3. What happens when a torque converter doesn’t lock up?
Apart from the evident speed sensing indicator, a torque converter might not lock up for the following reasons:
- When the temperature is very cold: Many converters would not lock up till the coolant gets to around 120°F.
- When the converter is under a low engine vacuum: A heavy part-throttle acceleration is an added power demand that might result in an engine lugging. So, you can stop engine lugging, which usually results in serious engine damage using a sensor that determines when there is a low manifold vacuum.
- When the overdrive unit is locked out: The torque converter feature will be locked out when the automatic overdrive is locked out; normally, the overdrive lockout is used when pulling heavy loads, so logically, the converter is locked out.
4. How do you unlock a torque converter?
To unlock a torque converter, you have to disconnect the transmission downshifts out of the 4th gear or the +12 volts. In some cases, when you apply brakes, there is a cruise control system that helps in disconnecting the +12 volt lockup module.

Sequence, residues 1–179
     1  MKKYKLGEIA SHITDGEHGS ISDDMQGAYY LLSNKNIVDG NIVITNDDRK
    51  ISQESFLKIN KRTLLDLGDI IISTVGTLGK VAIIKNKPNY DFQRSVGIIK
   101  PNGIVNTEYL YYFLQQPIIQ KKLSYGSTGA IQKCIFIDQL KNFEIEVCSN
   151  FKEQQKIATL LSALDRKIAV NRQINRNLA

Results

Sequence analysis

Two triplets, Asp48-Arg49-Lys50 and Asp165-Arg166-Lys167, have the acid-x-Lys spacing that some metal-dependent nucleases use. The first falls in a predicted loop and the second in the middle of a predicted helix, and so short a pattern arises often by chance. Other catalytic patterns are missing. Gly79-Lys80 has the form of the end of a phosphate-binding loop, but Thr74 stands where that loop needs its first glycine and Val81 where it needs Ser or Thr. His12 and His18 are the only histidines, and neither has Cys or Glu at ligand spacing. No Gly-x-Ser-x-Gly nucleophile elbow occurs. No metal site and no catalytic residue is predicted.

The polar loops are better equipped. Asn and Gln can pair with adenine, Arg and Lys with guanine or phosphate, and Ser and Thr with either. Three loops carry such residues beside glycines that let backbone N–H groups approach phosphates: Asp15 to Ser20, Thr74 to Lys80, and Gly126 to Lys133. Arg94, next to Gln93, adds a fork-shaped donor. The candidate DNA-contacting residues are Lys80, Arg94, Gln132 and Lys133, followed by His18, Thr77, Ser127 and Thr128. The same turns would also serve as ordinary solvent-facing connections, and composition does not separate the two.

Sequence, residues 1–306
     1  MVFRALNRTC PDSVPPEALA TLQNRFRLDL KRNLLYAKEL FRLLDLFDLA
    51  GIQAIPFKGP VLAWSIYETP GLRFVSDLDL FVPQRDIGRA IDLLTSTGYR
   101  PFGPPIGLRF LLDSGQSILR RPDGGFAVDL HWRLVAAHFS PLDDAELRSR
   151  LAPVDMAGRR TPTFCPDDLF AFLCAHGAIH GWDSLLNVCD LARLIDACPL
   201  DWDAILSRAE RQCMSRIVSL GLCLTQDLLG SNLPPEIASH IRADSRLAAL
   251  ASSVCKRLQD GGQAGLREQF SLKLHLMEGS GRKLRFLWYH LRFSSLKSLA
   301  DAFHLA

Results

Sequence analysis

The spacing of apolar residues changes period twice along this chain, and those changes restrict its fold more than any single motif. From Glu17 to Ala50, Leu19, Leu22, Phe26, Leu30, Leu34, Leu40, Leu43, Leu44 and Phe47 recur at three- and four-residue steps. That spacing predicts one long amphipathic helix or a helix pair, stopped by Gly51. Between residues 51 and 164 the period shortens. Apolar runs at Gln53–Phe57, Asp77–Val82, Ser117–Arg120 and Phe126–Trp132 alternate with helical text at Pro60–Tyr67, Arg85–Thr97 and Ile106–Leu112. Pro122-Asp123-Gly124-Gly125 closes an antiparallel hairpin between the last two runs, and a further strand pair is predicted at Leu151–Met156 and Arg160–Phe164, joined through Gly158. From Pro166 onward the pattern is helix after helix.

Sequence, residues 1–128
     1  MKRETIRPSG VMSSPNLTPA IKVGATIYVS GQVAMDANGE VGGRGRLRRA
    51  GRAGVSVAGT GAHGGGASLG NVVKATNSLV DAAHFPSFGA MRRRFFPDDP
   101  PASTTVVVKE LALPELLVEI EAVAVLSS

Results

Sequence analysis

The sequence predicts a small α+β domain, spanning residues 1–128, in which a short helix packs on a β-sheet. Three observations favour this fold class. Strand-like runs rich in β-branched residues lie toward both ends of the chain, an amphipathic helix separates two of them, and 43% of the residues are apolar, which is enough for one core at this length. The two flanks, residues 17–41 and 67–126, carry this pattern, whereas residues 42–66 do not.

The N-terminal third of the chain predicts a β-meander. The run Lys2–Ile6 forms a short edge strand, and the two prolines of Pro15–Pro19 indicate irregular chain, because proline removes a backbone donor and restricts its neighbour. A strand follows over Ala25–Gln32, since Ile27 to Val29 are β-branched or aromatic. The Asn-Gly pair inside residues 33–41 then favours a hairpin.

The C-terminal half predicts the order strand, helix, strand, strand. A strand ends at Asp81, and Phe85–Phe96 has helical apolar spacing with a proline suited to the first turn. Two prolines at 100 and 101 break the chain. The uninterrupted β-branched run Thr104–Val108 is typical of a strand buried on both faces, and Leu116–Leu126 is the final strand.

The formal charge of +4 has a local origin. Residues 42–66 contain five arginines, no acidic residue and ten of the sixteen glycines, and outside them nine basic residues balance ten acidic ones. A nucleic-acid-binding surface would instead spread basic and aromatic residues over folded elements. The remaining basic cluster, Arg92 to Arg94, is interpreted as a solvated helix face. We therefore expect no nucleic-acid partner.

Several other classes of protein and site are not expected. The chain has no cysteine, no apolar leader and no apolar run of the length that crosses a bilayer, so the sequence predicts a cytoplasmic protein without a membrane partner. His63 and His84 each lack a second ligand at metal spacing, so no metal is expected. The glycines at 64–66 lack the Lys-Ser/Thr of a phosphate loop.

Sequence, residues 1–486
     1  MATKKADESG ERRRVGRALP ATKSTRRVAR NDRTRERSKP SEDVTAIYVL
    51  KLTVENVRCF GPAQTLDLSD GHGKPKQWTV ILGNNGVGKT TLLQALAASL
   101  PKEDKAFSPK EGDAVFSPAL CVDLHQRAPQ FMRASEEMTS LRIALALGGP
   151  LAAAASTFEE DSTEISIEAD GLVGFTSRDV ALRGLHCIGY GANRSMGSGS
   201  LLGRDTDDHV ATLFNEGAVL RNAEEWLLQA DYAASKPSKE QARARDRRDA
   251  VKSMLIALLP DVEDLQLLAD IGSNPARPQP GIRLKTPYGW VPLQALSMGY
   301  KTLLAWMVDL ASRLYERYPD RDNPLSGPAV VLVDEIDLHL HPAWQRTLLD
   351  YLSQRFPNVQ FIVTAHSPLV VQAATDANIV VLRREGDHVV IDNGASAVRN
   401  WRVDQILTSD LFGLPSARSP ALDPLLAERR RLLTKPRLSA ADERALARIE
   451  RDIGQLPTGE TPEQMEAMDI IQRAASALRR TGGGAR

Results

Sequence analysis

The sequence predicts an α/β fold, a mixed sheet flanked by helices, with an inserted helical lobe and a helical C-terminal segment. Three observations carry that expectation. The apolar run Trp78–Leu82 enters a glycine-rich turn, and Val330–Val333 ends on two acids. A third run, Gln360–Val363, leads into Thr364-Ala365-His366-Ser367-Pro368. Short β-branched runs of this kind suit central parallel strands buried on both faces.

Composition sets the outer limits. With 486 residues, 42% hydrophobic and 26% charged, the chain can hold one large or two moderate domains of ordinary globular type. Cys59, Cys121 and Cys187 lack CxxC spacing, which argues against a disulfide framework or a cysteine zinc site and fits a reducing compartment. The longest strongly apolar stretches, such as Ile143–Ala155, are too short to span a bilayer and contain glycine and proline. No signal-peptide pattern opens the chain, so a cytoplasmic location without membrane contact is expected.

This allows the converter to leave the lock-up mode and let the vehicle accelerate easily back to speed before the lock-up restarts.
5. Can you shift with the torque converter locked?
Shifting with a torque converter locked doesn’t damage the transmission since the transmission control unit is made to not let this happen. This only happens if the transmission is made to be able to handle it. But, when you modify your transmission, then that is another story entirely.
Car lovers are always more concerned about the technicalities of their cars. And one of these technical aspects of cars that would interest car lovers is the curiosity of knowing the working of a torque converter lockup. Many car geeks have been interested in this converter because it creates a better life for the transmission and also its fuel efficiency.
Every modern automatic transmission embedded model is designed with a torque converter lockup. As an innovative mechanism, it has been making rounds in the market for the efficiency that it provides. With its several elements, the torque converter lockup is being manufactured with the future in mind.
Future torque converters are predicted to take into consideration smooth, efficient, and comfortable rides by ensuring that they have a tuned control strategy that considers the torque demand of every vehicle. While also integrating this knowledge into the type of transmissions and cars that consumers would buy.